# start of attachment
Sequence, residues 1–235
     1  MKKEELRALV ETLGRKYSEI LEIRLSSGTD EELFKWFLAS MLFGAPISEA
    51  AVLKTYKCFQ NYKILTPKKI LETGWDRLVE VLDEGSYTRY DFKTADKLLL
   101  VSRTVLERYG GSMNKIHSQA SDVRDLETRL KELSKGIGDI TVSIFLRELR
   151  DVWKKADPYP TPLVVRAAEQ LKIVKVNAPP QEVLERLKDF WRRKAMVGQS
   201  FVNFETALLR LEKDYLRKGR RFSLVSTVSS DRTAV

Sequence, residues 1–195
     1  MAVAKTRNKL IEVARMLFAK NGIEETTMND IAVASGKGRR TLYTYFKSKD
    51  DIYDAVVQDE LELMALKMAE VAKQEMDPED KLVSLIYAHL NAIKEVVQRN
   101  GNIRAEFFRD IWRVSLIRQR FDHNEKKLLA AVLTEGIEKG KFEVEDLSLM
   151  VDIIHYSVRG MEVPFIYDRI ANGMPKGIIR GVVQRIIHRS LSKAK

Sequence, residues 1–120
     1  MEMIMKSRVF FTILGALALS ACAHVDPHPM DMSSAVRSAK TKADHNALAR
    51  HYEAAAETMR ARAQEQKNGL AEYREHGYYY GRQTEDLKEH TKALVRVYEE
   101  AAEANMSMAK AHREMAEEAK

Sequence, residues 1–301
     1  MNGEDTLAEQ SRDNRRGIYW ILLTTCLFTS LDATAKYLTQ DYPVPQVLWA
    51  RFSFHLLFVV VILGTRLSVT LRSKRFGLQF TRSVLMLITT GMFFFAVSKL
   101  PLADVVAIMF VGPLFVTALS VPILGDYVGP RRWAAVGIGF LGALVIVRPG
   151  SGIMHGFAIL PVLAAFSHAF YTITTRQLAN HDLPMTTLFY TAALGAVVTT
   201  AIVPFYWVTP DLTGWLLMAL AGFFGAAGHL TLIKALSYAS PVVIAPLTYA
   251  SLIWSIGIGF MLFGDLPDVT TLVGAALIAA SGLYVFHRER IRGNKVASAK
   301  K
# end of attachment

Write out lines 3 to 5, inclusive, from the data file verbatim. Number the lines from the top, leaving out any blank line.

    51  AVLKTYKCFQ NYKILTPKKI LETGWDRLVE VLDEGSYTRY DFKTADKLLL
   101  VSRTVLERYG GSMNKIHSQA SDVRDLETRL KELSKGIGDI TVSIFLRELR
   151  DVWKKADPYP TPLVVRAAEQ LKIVKVNAPP QEVLERLKDF WRRKAMVGQS